Finally saw Avatar a week ago. However, my brief attempts to interest ‘proper’ blogs in a review didn’t go well, as the movie is now over two months old. So I ended up writing this piece for Dorkadore, focusing on its massive financial success (albeit with a few review-esque snippits).
However, I review things out of love, not just as a “job”. So I wrote a straight review of Avatar and am posting it here for the entertainment of anyone who may care.
(Notes: Yes, some points are repeated across the two pieces. And yes, a few small spoilers are contained within.
NICK REVIEWS AVATAR AFTER EVERYONE ELSE
The James Cameron-masterminded sci-fi epic, Avatar, has been out for a couple of months now. The build-up happened, filmgoers got excited, then readied themselves for an anticlimax, and finally felt slightly disappointed when reviews came out and were positive but not spectacular.
Despite all of that, it has ended up becoming the most successful film of all time. Nearly everyone has ended up seeing it in some form, even if only because their friends were going. Which is what happened to me yesterday.
I hadn’t bothered with it until now, because… well, I don’t like hard sci-fi, I can’t stand elves and I disliked most of Titanic intensely. But, you know, it’s the most successful film of all time. I don’t like to feel left out.
Fortunately, Avatar is to hard sci-fi what Emmanuelle is to hard porn. All the same parts are there, but they never get used in sufficient detail to qualify. The ‘avatar’ technology itself, easily the most interesting concept in the film, is skimmed over a tad, in favour of the more conventional culture clash-morality tale-love story involving the (concealed) white man among the noble savages.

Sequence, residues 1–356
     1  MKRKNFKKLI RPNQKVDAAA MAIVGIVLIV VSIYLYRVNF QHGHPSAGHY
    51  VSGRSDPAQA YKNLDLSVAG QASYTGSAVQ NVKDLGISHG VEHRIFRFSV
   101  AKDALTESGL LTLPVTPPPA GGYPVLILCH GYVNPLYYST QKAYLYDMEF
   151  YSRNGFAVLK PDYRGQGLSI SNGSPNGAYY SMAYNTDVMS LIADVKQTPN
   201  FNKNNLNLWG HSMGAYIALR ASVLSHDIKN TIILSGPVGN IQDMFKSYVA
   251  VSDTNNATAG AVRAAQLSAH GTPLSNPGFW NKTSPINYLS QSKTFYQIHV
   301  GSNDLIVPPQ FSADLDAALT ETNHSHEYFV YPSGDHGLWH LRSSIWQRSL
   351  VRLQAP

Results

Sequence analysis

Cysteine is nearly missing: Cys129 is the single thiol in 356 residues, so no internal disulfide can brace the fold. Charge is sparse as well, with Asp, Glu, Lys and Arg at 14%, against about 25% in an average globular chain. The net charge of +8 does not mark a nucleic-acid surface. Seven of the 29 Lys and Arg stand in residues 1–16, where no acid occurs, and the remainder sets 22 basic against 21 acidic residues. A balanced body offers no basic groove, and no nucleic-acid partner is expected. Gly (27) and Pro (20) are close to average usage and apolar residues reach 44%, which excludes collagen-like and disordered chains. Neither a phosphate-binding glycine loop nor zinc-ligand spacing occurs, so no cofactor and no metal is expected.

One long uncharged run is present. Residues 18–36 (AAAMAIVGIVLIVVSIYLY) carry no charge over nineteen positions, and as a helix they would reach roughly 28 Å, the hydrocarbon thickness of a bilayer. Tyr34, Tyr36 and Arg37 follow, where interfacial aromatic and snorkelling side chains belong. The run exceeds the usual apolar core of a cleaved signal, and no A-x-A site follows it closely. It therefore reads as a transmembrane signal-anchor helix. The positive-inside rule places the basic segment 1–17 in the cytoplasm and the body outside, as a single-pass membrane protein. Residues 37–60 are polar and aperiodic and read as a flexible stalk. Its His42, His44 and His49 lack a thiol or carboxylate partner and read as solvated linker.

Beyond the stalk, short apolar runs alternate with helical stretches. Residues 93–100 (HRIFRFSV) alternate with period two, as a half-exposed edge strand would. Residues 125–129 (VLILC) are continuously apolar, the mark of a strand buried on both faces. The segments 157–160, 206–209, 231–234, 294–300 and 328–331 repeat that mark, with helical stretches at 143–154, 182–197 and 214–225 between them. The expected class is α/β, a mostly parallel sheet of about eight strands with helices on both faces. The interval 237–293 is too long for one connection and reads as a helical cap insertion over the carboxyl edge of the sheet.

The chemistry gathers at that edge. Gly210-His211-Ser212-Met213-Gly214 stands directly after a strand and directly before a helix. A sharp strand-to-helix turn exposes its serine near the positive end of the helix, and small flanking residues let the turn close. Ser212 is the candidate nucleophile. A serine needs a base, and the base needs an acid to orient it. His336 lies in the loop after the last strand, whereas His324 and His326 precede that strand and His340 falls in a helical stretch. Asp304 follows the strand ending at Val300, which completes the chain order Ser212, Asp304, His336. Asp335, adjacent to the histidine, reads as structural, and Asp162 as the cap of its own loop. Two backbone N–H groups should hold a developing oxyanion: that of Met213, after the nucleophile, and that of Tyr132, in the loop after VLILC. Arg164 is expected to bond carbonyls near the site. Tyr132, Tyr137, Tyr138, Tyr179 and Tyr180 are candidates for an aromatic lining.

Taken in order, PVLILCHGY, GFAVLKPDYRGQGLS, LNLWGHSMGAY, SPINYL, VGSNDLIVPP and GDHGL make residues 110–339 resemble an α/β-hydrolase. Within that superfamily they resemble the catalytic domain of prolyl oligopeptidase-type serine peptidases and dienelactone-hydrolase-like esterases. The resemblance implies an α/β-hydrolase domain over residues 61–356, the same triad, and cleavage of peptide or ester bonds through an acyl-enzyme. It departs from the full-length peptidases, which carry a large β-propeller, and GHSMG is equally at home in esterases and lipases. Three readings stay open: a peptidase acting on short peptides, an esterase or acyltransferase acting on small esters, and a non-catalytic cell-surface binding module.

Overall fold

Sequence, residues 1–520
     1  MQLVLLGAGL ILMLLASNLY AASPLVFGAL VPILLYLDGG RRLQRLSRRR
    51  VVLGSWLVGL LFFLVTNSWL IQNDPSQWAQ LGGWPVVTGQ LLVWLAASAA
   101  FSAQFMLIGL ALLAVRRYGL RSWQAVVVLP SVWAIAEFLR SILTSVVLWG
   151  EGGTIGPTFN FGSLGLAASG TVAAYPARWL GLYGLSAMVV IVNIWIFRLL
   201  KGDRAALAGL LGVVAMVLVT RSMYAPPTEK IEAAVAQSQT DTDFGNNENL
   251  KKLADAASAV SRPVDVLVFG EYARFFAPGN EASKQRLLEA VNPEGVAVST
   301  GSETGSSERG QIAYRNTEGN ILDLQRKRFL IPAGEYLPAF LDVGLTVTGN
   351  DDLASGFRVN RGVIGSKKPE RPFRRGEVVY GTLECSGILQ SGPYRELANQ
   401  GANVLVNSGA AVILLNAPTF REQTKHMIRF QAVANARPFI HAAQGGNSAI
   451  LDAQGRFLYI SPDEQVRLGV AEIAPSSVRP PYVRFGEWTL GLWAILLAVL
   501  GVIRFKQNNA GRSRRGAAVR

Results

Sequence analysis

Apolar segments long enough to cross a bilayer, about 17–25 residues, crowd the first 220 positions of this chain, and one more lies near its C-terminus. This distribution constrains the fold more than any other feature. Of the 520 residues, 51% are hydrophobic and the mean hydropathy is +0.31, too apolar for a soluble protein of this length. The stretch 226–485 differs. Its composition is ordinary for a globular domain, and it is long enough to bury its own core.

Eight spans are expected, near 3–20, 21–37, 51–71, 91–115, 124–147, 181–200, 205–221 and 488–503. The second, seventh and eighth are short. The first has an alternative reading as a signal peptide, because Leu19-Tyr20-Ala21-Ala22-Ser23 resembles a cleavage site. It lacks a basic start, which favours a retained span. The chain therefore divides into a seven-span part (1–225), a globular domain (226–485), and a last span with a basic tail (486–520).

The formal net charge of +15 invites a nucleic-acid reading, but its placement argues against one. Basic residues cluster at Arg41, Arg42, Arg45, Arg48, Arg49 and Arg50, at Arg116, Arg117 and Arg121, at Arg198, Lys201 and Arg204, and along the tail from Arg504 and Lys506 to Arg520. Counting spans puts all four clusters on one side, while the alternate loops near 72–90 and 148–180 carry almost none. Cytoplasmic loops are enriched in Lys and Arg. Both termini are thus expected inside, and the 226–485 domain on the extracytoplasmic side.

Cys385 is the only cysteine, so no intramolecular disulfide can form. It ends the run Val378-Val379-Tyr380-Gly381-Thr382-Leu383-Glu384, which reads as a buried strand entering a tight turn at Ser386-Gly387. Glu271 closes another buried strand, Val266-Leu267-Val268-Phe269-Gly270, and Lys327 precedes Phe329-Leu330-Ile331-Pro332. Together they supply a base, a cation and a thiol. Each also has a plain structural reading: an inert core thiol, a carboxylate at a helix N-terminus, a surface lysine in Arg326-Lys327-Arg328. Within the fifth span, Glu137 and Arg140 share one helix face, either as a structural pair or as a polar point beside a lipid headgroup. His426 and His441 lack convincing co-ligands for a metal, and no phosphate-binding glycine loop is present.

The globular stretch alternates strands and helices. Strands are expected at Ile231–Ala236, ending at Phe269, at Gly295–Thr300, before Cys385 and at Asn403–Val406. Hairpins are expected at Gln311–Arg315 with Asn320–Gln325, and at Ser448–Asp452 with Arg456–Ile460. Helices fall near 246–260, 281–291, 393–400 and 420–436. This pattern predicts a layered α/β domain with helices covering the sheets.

Which is frustrating for those of us of the dork persuasion, but I am not convinced we’re the target audience here. Cameron may have included a swathe of sci-fi trappings to differentiate his film from Pocahontas, but this is definitely a film for the movie-going masses. If he’d spent the entire time delving into the intricacies of body-swapping, the record-busting box office figures would probably not have happened.
Not to mention, the story isn’t entirely the point either. Or rather, it is, but only to provide a setting for some lovely visuals. And they are gorgeous, make no mistake. Cameron’s vision of the multi-coloured alien world of Pandora is amazingly realised here, and once again manages to draw in the viewer, even as they moan about plot predictability.
So, yes, even though the plot is mostly predictable, the dialogue sometimes groan-worthy and, yes, ‘unobtanium’ is a horrific name for a rare and valuable element, you can see why it has done well. It may not be anything ground-breaking, but it’s a simple, lush modern-day fable. It was nearly three hours long, yet I was rarely bored. And if nothing else, I’d rather watch this again than Titanic any day.